Natalie's Everyday Heroes: Cardiac nurse shares personal experience with patients after receiving heart transplant of her own
WAUWATOSA, Wis. (CBS 58) -- A cardiac nurse at Froedtert recently found herself taking on the roll of patient, when she discovered she needed a heart transplant. Lauryl Schaffer had a successful surgery this summer, and now she’s using her newfound perspective to help patients in the same situation.
An adorable video of Schaffer’s 3-year-old granddaughter, Nora, sums it up best.
“New heart, new start. Hooray,” Nora can be heard cheering.
It’s also a mantra Schaffer’s whole family adopted this summer. Her niece, Emma, had T-shirts made for everyone, bearing the slogan.
“They arrived at my son's house as a surprise on the day I got my transplant,” Schaffer said.
Even the dogs put on the shirts for moral support. The transplant has been life-changing.
“I didn't realize how badly I felt for the last several decades until I got a new heart and it beats normally,” Schaffer said.
We interviewed her over Zoom. She’s feeling great, but is limiting the number of people she sees. And Schaffer has special a perspective about her surgery. She’s been a cardiac nurse at Froedtert for almost 17 years.
Her heart problems weren’t new. She’s had cardiomyopathy for years.
“It was found after my youngest son was born and he is now 32, almost 33,” she said.
It was a colleague, Dr. Nunzio Gaglianello, who noticed something was wrong this spring.
“Lauryl hadn't seen me in clinic for about a year,” Dr. Gaglianello said. “And she had essentially reached out and said, hey, they want me to go work a Covid unit and I said, no, you can't do that.”
So, he asked her to come to his office so he could sign a form exempting her from that assignment.
“I walked to the hub where his office is, and was short of breath,” Schaffer explained. “And he said, I think you need to see me in office.”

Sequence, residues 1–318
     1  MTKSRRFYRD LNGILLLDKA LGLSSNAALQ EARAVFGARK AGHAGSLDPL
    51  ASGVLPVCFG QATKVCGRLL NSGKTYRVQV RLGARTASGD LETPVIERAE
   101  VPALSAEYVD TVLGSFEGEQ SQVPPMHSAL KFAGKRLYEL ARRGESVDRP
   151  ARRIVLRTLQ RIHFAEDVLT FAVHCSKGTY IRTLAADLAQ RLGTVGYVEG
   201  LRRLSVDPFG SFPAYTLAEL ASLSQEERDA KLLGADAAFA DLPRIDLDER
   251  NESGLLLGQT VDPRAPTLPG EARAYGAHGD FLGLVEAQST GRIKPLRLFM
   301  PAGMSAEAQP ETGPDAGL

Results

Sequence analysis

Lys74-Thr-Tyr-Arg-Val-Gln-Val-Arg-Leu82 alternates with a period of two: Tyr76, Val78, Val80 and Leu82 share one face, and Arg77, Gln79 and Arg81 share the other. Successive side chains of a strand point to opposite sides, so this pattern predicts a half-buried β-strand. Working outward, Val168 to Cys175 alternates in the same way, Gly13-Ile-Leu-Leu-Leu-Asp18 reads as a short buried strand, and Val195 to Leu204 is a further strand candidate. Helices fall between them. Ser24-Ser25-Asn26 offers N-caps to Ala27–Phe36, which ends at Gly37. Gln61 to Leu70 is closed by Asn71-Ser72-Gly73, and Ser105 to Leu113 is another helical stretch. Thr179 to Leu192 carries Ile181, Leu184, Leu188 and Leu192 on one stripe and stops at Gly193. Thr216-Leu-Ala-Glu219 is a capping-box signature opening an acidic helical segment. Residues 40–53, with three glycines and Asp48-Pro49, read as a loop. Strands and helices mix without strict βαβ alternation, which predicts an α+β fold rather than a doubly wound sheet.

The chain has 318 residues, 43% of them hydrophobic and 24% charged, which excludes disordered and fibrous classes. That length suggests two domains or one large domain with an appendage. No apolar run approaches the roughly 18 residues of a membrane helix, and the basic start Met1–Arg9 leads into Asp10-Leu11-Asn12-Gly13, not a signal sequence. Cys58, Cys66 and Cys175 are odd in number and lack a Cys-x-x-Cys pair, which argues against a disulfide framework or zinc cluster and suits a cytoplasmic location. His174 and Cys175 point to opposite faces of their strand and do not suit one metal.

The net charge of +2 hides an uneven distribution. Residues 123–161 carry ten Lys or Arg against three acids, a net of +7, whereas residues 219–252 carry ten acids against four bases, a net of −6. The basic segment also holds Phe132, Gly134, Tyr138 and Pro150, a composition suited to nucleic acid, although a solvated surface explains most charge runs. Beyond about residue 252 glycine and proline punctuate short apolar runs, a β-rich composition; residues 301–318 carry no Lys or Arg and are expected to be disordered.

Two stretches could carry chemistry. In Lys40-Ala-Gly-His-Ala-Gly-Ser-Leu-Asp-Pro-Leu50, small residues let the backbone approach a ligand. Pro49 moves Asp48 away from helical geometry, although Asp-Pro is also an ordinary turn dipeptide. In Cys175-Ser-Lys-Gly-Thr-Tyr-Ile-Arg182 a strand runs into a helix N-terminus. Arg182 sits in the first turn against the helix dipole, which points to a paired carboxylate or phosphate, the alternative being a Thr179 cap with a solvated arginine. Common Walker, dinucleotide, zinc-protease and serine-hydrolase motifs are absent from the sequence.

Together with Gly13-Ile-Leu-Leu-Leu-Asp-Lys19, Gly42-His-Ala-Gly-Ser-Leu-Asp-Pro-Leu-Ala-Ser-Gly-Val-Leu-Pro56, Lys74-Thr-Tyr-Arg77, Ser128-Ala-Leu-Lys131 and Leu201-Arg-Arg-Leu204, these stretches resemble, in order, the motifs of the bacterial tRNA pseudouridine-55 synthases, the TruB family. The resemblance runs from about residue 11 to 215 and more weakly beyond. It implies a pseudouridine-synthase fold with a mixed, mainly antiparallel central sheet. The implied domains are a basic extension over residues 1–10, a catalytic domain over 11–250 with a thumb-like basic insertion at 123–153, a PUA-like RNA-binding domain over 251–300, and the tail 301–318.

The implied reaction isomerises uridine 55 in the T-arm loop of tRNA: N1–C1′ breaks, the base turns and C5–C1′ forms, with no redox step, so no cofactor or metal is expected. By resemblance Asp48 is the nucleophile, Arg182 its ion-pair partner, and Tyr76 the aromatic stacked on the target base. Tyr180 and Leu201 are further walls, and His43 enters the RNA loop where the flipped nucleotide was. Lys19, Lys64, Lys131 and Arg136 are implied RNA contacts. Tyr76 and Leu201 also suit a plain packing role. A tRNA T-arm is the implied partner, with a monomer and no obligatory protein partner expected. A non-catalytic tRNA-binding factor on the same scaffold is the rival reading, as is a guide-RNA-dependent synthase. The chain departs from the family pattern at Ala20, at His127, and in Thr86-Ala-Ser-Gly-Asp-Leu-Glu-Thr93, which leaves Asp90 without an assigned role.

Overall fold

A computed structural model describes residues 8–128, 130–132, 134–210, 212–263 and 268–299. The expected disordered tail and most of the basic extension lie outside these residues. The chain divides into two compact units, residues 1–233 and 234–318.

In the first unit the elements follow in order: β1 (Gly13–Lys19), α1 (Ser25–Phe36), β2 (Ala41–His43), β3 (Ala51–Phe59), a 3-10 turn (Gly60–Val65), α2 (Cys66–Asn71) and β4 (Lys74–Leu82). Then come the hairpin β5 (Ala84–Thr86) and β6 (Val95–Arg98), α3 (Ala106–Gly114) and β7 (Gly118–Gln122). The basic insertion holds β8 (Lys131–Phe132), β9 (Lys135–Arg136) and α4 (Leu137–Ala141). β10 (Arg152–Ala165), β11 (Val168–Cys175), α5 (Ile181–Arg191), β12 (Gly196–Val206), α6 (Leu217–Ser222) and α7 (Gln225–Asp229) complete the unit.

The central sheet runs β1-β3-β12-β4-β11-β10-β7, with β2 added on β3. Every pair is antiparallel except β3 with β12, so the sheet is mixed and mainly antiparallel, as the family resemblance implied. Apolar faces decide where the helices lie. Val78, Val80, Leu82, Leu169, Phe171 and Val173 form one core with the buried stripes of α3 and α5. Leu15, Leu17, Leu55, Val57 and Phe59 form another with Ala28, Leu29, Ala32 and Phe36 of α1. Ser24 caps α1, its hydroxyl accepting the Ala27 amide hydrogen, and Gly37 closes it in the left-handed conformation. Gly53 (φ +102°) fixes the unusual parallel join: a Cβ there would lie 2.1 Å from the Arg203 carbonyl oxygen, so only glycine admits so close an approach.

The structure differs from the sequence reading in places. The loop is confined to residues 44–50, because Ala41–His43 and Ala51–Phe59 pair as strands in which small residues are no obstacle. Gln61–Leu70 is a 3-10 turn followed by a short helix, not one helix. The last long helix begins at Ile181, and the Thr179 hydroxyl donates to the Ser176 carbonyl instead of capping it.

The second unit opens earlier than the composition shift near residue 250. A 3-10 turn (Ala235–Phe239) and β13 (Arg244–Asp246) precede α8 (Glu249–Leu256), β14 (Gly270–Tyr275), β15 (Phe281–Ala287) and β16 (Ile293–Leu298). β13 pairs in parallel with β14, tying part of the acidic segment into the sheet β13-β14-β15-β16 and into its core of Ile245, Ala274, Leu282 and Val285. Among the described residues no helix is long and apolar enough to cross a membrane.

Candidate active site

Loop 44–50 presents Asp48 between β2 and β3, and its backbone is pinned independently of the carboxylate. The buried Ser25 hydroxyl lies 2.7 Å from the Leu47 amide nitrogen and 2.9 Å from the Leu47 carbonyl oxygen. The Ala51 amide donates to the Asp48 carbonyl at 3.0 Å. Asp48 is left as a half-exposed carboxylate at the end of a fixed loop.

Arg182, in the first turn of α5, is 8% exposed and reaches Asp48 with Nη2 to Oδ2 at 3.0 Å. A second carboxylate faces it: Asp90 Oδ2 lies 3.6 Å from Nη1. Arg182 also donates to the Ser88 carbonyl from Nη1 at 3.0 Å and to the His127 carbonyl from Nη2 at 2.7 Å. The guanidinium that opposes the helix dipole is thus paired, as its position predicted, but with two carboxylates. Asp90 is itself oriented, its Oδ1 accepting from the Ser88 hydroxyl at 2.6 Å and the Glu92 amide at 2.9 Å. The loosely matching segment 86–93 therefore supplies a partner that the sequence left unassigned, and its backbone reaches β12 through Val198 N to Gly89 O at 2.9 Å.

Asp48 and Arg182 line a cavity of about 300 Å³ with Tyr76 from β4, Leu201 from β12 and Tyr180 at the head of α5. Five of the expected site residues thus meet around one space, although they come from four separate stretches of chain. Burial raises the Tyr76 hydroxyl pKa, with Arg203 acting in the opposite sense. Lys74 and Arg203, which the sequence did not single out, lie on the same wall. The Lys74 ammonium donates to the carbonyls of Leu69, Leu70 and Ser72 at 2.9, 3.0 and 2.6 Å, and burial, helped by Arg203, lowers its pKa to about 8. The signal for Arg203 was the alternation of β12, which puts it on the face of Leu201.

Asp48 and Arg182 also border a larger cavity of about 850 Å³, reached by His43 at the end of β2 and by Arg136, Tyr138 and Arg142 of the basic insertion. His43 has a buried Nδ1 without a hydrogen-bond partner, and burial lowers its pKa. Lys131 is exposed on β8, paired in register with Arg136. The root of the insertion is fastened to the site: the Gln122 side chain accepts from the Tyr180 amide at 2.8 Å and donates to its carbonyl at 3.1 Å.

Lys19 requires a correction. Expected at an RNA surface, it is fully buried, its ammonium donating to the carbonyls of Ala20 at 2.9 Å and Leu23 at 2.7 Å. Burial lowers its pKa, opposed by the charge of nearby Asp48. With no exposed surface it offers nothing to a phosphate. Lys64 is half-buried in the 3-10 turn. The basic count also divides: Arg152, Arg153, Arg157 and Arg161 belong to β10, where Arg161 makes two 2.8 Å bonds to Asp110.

Schaffer has advanced heart failure. That diagnosis came in March, and on July 26th, Schaffer got a new heart. A process she and Dr. Gaglianello said happened very quickly.
He said he’s never had a professional relationship with someone who then became a patient.
“It was a little different, knowing somebody beforehand,” he said. “Not that we don't dot our I's and cross our T's for everybody, but there was definitely a lot more running it by your partners, just really making sure you're not missing anything.”
Schaffer said her recovery is going well, and she started working part-time from home in October.
“I actually feel good,” she exclaimed.
With her new heart and her new start, she’s sharing her valuable experience with patients.
“The transplant team can tell you what it's going to be like, but until you got through it, you don't actually know,” she said.
Schaffer said she’s exercising at least five times a week, and she’s looking forward to a time she can get back to the working in the hospital.
If you’d like to nominate someone for Natalie’s Everyday Heroes, send Natalie a message at firstname.lastname@example.org.